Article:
New Technology File System (NTFS)
The New Technology File System (NTFS) is a file system developed and introduced by Microsoft in 1995 with Windows NT. As a replacement for the FAT file system, it quickly became the standard for Windows 2000, Windows XP and Windows Server 2003.
The features of NTFS include:
- Improved performance, reliability and disk space utilization
- Security access control lists
- File system journaling
NTFS keeps track of lots of time stamps. Each file has a time stamp for 'Create', 'Modify', 'Access', and 'Entry Modified'. The latter refers to the time when the MFT entry itself was modified. These four values are commonly abbreviated as the 'MACE' values. Note that other attributes in each MFT record may also contain timestamps that are of forensic value.
Additional information on how NTFS timestamps work when files are moved or copied is available here: Microsoft KB 299648
Changes in Windows Vista
In Windows Vista (presumably as of Windows XP SP3), NTFS no longer tracks the Last Access time of a file by default. This feature can be enabled by setting the NtfsDisableLastAccessUpdate value to '0' in the Registry key:
Note that this feature has been around since as early as Windows 2000 .
Alternate Data Streams
The NTFS file system includes a feature referred to as Alternate Data Streams (ADSs). This feature has also been referred to as "multiple data streams", "alternative data streams", etc. ADSs were included in NTFS in order to support the resource forks employed by the Hierarchal File System (HFS) employed by Macintosh systems.
As of Windows XP SP2, files downloaded via Internet Explorer, Outlook, and Windows Messenger were automatically given specific "zoneid" ADSs. The Windows Explorer shell would then display a warning when the user attempted to execute these files (by double-clicking them).
Sysadmins should be aware that prior to Vista, there are no tools native to the Windows platform that would allow you to view the existence of arbitrary ADSs. While ADSs can be created and their contents executed or viewed, it wasn't until the "/r" switch was introduced with the "dir" command on Vista that arbitrary ADSs would be visible. Prior to this, tools such as LADS could be used to view the existence of these files.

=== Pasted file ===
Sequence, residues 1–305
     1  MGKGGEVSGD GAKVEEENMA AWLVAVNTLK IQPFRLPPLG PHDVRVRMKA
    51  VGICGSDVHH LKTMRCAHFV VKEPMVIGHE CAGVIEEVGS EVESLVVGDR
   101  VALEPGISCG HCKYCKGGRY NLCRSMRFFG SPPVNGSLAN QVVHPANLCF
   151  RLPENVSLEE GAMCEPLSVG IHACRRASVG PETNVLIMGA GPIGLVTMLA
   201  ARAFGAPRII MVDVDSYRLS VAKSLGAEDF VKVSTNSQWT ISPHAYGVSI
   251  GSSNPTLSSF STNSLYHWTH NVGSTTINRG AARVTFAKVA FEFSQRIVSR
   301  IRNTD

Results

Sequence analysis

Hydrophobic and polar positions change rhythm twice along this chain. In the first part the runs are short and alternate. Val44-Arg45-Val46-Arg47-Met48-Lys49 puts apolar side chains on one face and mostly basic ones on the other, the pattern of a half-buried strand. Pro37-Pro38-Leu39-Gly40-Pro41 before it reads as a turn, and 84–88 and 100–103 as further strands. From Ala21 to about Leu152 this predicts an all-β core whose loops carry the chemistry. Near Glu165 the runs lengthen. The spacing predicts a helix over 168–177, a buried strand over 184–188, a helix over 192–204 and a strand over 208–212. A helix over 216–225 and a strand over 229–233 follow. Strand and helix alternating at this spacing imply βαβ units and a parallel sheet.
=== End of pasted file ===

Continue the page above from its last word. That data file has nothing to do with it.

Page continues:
Microsoft FSRM (File System Resource Manager) also uses ADS as part of 'file classification'.
Examiners should be aware that most forensic analysis applications, including EnCase and ProDiscover, will display ADSs found in acquired images in red.
Advanced Format (4KB Sector) Hard Drives
NTFS does not natively handle drives that use the new standard of 4KB sectors. For information on this, see Advanced Format.
Transactional NTFS (TxF)
According to MSDN Transactional NTFS (TxF) allows file operations on an NTFS file system volume to be performed in a transaction.
Several TxF related file-system-metadata files can be found in the file-system-metadata directory: \$Extend\$RmMetadata\. TxF also uses the MFT attribute $LOGGING_UTILITY_STREAM with the name $TXF_DATA.
TxF uses the Common Log File System (CLFS)
FILETIME date and time values
import datetime def FromFiletime(filetime): """Converts a FILETIME timestamp into a Python datetime object. The FILETIME is mainly used in Windows file formats and NTFS. The FILETIME is a 64-bit value containing: 100th nano seconds since 1601-01-01 00:00:00 Technically FILETIME consists of 2 x 32-bit parts and is presumed to be unsigned. Args: filetime: The 64-bit FILETIME timestamp. Returns: A datetime object containing the date and time or None. """ if filetime < 0: return None timestamp = filetime / 10 return datetime.datetime(1601, 1, 1) + datetime.timedelta(microseconds=timestamp)
- Technet: How NTFS Works, by Microsoft
- Master File Table, by Microsoft
- Wikipedia: NTFS
- MSDN: Transactional NTFS
- Wikipedia: Transactional NTFS
- Windows NTFS Metadata Extractor Utility Free tool that can be run on Windows, Linux or Mac OS-X
- Graphic Engine for NTFS Analysis (gena) (GUI to view NTFS internals/extract data on live systems)
- Linux-ntfs Documentation Detailed documentation of the NTFS format by the Linux-NTFS driver creators.
- Default cluster size for NTFS, FAT, and exFAT
- Distributed Link Tracking and Object Identifiers
- New Technologies File System (NTFS), by the libfslibs project, August 2009
- The Four Stages of NTFS File Growth, by Jeff Hughes, October 16, 2009
- Incident Response with NTFS INDX Buffers – Part 1: Extracting an INDX Attribute, by William Ballenthin, September 18, 2012
- Incident Response with NTFS INDX Buffers – Part 2: The Internal Structures of a File Name Attribute, by Jeff Hamm, September 26, 2012
- Analysis of hidden data in the NTFS file system, by Cheong Kai Wee
- The Four Stages of NTFS File Growth, Part 2, by John Marlin, March 12, 2015